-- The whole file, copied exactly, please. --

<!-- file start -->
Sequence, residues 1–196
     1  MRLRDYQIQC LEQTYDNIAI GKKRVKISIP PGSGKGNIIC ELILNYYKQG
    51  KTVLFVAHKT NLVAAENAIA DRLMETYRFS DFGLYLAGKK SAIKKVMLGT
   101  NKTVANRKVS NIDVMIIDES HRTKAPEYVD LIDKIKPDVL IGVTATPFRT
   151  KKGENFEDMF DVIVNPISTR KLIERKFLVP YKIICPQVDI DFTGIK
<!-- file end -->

Sequence, residues 1–196
     1  MRLRDYQIQC LEQTYDNIAI GKKRVKISIP PGSGKGNIIC ELILNYYKQG
    51  KTVLFVAHKT NLVAAENAIA DRLMETYRFS DFGLYLAGKK SAIKKVMLGT
   101  NKTVANRKVS NIDVMIIDES HRTKAPEYVD LIDKIKPDVL IGVTATPFRT
   151  KKGENFEDMF DVIVNPISTR KLIERKFLVP YKIICPQVDI DFTGIK